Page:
Introduction

There are two main compression algorithms: lossy and lossless. Lossy compression algorithms reduce files by removing small details that require a large amount of data to be stored under fidelity conditions. In lossy compression, it is impossible to restore the original file because some necessary data is removed. Lossy compression is mainly used to store images and audio files. At the same time, a high compression rate can be achieved by removing data. However, this article does not discuss lossless compression. Lossless compression also makes the file smaller, but the corresponding decompression function can precisely restore the original file without losing any data. Lossless data compression is widely used in the computer field, from saving your personal computer space to sending data through the Web. Use Secure Shell to view PNG or GIF images.

The fundamental principle of lossless compression algorithms is that any non-random file contains duplicate data, which can be compressed by statistical modeling techniques used to determine the probability of occurrence of characters or phrases. Statistical models can be used to generate code for specific characters or phrases. Based on the frequency of their appearance, you can configure the shortest code for the most commonly used data. These technologies include entropy encoding, run-length encoding, and dictionary compression. Using these technologies and other technologies, an 8-bit character or string can be expressed with a small number of BITs, removing a large amount of repeated data.

History

It was not until 1970s that data compression began to play an important role in the computer field. At that time, the Internet became more popular and Lempel-Ziv algorithm was invented, however, compression algorithms have a longer history in the computer field. The Morse code, invented in 1838, is the earliest data compression instance. It allocates shorter Morse code for the most common English letters such as "E" and "T. Later, with the rise of the mainframe, clude Shannon and Robert Fano invented the Shannon-Fano encoding algorithm. Their algorithms assign codes to the symbols based on the probability that the symbols appear ). The probability size of a symbol is inversely proportional to the corresponding encoding, so that the symbol is expressed in a shorter way.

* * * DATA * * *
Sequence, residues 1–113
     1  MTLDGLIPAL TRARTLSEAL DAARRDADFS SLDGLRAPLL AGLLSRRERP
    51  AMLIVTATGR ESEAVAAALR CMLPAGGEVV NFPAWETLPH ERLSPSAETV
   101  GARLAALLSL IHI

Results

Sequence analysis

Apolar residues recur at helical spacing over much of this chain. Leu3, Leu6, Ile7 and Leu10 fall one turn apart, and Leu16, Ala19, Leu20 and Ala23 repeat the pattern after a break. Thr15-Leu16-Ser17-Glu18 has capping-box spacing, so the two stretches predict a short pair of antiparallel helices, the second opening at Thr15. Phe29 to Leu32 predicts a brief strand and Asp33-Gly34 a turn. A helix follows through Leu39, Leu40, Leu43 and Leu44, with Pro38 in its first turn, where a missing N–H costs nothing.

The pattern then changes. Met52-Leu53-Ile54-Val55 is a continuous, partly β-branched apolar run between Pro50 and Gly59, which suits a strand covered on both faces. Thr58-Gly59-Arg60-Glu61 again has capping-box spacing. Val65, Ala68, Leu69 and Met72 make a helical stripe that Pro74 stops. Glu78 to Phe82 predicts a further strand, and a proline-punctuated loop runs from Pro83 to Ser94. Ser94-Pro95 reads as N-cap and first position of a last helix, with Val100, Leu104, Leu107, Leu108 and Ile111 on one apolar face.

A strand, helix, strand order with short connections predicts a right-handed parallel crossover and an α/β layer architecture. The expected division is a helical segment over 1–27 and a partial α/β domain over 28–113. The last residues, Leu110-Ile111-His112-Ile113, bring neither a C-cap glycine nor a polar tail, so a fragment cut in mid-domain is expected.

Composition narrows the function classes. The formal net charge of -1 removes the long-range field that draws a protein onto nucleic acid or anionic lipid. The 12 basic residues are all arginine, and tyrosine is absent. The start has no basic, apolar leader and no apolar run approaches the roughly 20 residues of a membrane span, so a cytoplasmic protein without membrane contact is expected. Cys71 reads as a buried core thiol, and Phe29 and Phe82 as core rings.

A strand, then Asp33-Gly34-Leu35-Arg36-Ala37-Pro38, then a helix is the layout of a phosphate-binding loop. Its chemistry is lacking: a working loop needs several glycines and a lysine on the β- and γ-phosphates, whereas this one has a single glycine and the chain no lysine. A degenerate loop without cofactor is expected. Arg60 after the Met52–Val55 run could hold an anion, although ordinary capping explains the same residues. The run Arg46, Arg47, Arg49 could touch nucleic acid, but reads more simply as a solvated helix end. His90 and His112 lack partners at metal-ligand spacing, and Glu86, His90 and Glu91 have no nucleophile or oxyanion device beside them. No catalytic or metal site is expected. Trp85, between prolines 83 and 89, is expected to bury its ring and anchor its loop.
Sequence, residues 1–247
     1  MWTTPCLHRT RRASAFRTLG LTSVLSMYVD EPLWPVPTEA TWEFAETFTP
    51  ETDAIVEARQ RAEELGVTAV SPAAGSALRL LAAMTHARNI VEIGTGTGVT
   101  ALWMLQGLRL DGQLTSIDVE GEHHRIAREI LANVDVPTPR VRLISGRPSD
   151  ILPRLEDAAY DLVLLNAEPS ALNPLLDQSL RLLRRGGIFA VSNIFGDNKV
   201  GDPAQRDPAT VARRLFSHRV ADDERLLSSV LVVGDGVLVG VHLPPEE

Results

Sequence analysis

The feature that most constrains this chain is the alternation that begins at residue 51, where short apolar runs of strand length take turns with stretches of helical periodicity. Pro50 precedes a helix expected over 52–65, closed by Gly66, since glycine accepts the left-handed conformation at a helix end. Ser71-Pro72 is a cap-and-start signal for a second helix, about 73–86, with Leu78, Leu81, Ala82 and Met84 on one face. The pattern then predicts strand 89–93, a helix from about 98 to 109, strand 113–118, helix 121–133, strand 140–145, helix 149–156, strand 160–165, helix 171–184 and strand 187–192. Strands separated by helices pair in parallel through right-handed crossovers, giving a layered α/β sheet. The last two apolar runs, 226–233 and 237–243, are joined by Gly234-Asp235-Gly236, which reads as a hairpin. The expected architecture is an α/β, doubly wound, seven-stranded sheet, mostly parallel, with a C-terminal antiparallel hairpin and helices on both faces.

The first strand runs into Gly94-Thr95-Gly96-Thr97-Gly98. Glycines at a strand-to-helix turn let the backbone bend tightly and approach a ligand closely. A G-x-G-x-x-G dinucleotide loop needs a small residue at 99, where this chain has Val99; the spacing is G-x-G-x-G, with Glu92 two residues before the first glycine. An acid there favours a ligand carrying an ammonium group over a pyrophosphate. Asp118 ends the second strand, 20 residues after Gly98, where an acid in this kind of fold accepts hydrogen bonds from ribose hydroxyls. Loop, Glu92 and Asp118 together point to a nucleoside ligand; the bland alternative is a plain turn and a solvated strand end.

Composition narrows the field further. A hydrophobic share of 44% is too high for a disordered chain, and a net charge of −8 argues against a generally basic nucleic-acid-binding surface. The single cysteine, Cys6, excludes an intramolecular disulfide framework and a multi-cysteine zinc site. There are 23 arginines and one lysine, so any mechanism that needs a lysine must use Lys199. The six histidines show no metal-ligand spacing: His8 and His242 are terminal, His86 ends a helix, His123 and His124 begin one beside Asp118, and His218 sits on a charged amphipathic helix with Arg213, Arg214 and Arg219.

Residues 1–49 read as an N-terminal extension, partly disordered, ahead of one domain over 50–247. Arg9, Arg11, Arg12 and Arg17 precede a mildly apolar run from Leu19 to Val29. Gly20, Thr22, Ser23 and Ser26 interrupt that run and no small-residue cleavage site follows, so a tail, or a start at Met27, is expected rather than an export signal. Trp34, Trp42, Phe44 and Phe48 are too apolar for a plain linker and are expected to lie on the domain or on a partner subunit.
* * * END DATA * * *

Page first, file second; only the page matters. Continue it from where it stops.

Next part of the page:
Two years later, David Huffman studied information theory at MIT and took a course by Robert Fano. Fano gave two options to the students in the class to write a semester paper or take the final exam. Huffman chose to write a semester paper and the question was to find the optimal binary algorithm. After several months of hard work, Huffman decided to give up all work related to the paper and start learning to prepare for the final exam. At that time, Huffman found a more effective coding algorithm similar to Shannon-Fano encoding. The main difference between Shannon-Fano encoding and Huffman encoding is that the process of building a probability tree is different. The former is bottom-up and gets a sub-optimal result, while the latter is top-down.

The early implementation of Shannon-Fano encoding and Huffman Encoding algorithms was completed by hardware and hard coding. It was not until the emergence of Internet and online storage in 1970s that software compression was implemented to generate the Huffman encoding dynamically based on input data. Subsequently, in 1977, Abraham Lempel and Jacob Ziv published their original lz77 algorithm, the first algorithm to use dictionaries to compress data. In particular, lz77 uses a dynamic Dictionary called slidingwindow. In 1778, the partner published the lz78 algorithm using the dictionary. Unlike lz77, lz78 parses the input data to generate a static dictionary, which is not dynamically generated like lz77.